Risk Profile Score

Welcome to the Risk Profile Score Calculator!

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The general definition of risk tolerance, which is crucial in investing, pertains to 'the level of risk an investor feels comfortable assuming or the extent of fluctuation in investment returns an individual is willing to endure.' Which of the following most accurately characterizes your current life stage?

What is your main motivation for allocating your funds to investments?

To what extent can you rely on your present and future income derived from your salary, pensions, or other investments?

How would you assess your net worth, which includes all assets except your primary residence, minus any outstanding liabilities?

How familiar would you say you are with investment-related topics?

To potentially earn returns greater than typical bank interest rates, you may need to include investments that exhibit fluctuations in value, also known as volatility. How do you prioritize safeguarding your investment and reducing the likelihood of its decline in value?

How much do you depend on the income produced by the portfolio to satisfy your financial requirements?

If you depend on this income, what annual income amount do you expect?

For how long do you plan to keep your capital invested before you foresee needing to use it? (Assume you have already established arrangements to address short-term cash needs and emergencies.)

When evaluating your investments and making investment choices, do you take into account the potential for either losses or gains?

Assume you had an initial investment portfolio valued at $100,000.

If, because of market conditions, your portfolio declined to $85,000, what would you do? (Assume you've experienced such a decline, and select the response that aligns with your actual behavior.)

Most portfolios experience some level of return volatility, which is influenced by the portfolio's exposure to growth assets. The higher the exposure to growth assets, the greater the potential for both returns and losses. Among the following portfolios, which one would you find most comfortable in terms of the trade-off between the risk of losses and the potential for returns?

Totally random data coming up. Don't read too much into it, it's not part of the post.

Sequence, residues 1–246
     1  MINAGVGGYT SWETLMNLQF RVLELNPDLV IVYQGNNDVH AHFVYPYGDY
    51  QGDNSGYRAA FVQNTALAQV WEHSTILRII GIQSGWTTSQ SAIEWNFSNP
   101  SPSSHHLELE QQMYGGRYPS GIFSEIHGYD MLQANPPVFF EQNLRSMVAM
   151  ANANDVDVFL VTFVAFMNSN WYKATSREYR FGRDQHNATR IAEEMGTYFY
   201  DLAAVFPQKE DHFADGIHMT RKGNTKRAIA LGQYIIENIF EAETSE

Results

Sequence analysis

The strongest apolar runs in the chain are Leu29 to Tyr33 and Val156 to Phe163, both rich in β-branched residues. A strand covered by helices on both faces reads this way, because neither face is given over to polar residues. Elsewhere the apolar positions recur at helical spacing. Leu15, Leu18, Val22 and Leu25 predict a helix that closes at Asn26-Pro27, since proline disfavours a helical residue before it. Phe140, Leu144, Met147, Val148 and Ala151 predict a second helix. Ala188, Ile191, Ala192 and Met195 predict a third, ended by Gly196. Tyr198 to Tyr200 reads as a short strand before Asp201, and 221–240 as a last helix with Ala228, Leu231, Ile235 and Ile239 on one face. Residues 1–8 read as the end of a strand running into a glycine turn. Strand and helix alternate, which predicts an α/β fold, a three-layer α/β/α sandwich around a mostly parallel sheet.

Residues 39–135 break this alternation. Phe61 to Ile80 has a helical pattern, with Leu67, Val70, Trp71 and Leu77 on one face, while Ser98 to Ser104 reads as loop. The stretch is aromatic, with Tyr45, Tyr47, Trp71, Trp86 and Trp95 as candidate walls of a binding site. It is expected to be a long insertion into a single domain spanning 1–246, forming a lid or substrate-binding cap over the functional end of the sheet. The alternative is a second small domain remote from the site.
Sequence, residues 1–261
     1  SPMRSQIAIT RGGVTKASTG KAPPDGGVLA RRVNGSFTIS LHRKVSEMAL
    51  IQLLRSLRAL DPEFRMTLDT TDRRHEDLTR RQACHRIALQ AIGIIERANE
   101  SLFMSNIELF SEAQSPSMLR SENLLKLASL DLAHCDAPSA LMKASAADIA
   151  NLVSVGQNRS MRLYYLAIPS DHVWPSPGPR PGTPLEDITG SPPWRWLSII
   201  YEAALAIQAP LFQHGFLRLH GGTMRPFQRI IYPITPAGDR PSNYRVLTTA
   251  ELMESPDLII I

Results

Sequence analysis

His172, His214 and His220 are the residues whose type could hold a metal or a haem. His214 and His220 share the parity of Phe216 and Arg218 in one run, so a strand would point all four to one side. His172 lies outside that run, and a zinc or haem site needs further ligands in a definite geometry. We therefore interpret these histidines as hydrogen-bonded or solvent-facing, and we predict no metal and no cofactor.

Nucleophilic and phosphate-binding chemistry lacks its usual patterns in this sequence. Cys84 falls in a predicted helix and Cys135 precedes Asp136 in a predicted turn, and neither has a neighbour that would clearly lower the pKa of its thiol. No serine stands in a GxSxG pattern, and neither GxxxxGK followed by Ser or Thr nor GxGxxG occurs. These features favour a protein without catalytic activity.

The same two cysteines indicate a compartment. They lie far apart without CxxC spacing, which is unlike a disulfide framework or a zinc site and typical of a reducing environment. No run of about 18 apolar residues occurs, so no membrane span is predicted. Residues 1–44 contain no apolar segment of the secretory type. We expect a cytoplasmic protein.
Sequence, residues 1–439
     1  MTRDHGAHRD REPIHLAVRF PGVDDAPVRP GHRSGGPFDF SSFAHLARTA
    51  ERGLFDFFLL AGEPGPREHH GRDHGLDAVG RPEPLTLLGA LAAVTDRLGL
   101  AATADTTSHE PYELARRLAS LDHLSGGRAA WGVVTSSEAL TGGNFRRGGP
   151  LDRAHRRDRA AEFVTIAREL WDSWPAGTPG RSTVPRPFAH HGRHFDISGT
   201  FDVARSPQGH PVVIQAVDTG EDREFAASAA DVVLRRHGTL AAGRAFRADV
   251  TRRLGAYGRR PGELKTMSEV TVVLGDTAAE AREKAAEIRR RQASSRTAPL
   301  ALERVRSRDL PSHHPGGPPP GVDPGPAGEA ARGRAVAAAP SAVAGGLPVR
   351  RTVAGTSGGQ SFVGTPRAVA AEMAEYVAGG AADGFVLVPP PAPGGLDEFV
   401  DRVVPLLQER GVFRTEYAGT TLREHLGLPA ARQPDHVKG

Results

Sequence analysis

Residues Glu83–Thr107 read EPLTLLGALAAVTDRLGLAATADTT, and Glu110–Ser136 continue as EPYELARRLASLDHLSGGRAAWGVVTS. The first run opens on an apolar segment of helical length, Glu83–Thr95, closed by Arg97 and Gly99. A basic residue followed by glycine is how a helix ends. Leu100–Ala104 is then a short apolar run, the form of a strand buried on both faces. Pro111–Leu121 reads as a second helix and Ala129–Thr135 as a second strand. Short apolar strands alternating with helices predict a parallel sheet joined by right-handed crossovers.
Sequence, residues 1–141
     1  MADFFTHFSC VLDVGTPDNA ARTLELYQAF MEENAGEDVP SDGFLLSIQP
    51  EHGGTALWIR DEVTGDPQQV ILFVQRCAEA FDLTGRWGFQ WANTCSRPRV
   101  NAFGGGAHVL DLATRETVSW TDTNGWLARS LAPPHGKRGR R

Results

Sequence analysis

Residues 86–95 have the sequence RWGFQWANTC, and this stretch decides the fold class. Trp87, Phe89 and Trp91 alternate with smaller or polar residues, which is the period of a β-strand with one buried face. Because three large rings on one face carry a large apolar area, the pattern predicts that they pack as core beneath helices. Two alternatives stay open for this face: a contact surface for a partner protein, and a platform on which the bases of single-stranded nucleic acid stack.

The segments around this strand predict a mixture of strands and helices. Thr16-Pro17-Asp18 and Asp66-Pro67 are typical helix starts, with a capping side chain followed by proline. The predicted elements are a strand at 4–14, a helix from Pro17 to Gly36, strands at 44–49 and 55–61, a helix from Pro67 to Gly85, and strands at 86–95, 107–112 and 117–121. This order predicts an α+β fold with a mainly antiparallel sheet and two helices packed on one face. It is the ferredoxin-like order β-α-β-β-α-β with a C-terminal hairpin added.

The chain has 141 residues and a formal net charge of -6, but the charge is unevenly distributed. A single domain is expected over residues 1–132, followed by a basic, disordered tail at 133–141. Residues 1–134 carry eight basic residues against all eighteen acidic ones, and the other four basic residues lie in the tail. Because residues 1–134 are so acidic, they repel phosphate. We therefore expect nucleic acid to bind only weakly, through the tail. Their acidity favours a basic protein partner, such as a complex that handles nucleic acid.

Considering your response to the previous question, which of the following statements most accurately reflects your approach to selecting actual investments?

Are there any exceptional circumstances to take into account? This could include situations such as divorce, widowhood, or the responsibility of caring for grandchildren, among others.

Do you have any particular anticipations regarding the returns on your investments? This could include expectations related to index performance, returns surpassing cash yields, or specific percentage targets.

Considering the portfolio traits mentioned below and the estimated data comparing risk and return, which profile from the graph below do you believe aligns most closely with your investment goals? Using this graph, please choose the corresponding plot point from the list below that best reflects your comfort level concerning the trade-off between risk and return for your investments. While risk tolerance assesses an investor's comfort with investment risk, risk capacity focuses on the level of risk an investor needs to assume to achieve their financial objectives. This entails evaluating the potential returns associated with different investments and the timeframes involved. It's crucial to note that risk capacity is equally significant as risk tolerance when it comes to guiding your advisor in determining suitable investment strategies and making recommendations.

Behaviour of asset classes

This table illustrates that defensive assets, like cash and fixed interest, can offer reasonable income depending on the prevailing interest rates, but they lack growth potential, making them generally lower-risk investments. Conversely, shares have a greater potential for capital growth, which also increases their risk profile.

This information highlights the connection between risk and returns. In essence, you cannot anticipate higher returns without accepting higher risk, and conversely, you cannot expect safety without accepting lower returns.


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